A major issue which influences whether we use wet or dry sampling is to do with the ambience of the room in which the digital organ will be played. If it is small with a dry acoustic, the recorded ambience from the auditorium in which the pipe organ resided can be advantageous, though it can also turn out to be a problem which cannot be rectified. This is because, although it is a common psychological experience that one's initial reaction is positive, after a while one sometimes wishes one could 'turn the reverb off' and have the effect of an instrument more compatible with the actual room one is playing it in. This forms part of the subject of 'ambience conflict', of which more later. On the other hand, if the digital organ is to be played in a large room with its own distinct ambience, superposition of the different recorded ambience enshrined in wet samples can cause aural confusion to the player and the audience. In this case it can sometimes be better to use dry samples. The use of dry samples in either situation can also offer more flexibility than using wet ones in that artificial reverberation of any sort and to any desired degree can be added to them if desired. But here resides yet another problem, because some users dislike artificial reverberation systems, whether implemented as separate boxes of studio hardware or VST (virtual studio technology) software on a computer. Thus, as mentioned above, because there is no universally 'correct' choice which can be applied to all circumstances, we have to take each situation on its merits as it arises. In practice this usually means that we either want the ambience of the room containing the original pipe organ to be imposed and retained on the recorded sounds, including the reverberation decay when notes are released, or we don't. Thus the decision is largely subjective - I want it or I don't - but it raises a large number of other issues both subjective and objective. These include spectral distortion due to colouration, phase interference, electronic and acoustic signal mixing effects, and the major issues of artificial reverberation derived from effects processors, stereophony, binaural recording and surround sound. All these are discussed in the article, though it has not been possible to write it as one continuous narrative flow. Each topic is to some extent disjoint and independent of the others, thus it has its own section rather like a chapter in a textbook, and only at the end is an attempt made to wrap the whole lot up to extract some overall conclusions.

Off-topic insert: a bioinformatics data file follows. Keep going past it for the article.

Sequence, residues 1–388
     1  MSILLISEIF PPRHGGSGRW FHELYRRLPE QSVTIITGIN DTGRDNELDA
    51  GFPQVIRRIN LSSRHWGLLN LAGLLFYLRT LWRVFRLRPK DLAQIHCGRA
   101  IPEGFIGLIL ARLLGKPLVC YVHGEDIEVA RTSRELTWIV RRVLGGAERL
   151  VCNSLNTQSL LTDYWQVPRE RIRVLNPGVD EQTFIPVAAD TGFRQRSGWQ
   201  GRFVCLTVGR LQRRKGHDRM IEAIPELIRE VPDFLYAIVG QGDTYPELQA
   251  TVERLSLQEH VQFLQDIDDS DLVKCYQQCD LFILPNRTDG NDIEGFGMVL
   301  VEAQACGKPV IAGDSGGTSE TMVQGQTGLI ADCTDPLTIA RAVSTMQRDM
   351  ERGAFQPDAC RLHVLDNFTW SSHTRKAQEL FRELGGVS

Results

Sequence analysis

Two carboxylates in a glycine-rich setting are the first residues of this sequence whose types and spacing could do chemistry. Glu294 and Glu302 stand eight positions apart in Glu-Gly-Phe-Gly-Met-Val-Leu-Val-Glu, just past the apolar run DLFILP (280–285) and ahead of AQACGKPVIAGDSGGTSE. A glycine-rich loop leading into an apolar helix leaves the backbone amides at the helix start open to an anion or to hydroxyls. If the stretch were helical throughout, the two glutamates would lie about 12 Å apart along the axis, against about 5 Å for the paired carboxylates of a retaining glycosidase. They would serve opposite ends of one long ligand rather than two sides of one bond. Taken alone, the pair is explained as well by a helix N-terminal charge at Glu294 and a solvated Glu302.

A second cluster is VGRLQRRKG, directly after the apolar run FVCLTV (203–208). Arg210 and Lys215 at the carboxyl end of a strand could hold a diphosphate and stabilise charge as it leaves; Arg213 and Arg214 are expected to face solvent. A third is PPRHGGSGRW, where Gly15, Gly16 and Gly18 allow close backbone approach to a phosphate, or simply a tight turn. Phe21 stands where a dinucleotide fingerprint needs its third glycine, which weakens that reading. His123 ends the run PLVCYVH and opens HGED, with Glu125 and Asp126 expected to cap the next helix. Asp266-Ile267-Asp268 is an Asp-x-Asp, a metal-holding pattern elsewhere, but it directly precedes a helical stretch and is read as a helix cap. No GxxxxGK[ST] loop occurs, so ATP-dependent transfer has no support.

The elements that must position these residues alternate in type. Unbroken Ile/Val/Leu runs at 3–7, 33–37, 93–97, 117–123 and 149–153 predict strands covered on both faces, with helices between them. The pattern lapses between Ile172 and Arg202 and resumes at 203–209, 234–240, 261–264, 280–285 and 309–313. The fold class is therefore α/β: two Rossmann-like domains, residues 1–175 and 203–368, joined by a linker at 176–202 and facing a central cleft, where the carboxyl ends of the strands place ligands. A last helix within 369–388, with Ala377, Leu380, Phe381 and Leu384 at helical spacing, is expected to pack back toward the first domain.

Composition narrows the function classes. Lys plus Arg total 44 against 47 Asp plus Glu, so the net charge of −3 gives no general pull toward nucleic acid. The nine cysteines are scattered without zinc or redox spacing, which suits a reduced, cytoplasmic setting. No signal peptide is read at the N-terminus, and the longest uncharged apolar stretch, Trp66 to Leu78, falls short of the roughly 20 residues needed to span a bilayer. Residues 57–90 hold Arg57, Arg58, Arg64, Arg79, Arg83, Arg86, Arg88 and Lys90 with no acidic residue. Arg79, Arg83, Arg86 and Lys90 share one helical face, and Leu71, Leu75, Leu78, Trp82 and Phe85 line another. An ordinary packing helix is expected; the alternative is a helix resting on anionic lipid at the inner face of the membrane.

Because entire libraries could be filled with countless books dealing with these topics, it is obviously going to be impossible to distil things down so they can be covered here in a manner which will suit everybody, especially as so much of the material is subjective. Moreover, some digital organ manufacturers have devoted much effort to their particular way of doing things, particularly in view of the considerable investment in time and money in producing a high quality sample set, either wet or dry. This investment may not be recoverable if potential customers want the alternative type (e.g. if they realise that the 'wetness' in a wet one cannot be switched off, or if they dislike artificial reverberation applied to a dry one, etc). This seems to affect the judgement of certain manufacturers because the issue assumes a high profile with some of them. This was demonstrated clearly when a firm offered me one of their products free of charge as an inducement to join the fray on their blog. I declined the offer but joined the fray anyway, but because they apparently disliked what I said their response became singularly offensive and unwarranted. Therefore there does seem to be a need for an objective clarification of the issues, hence this article.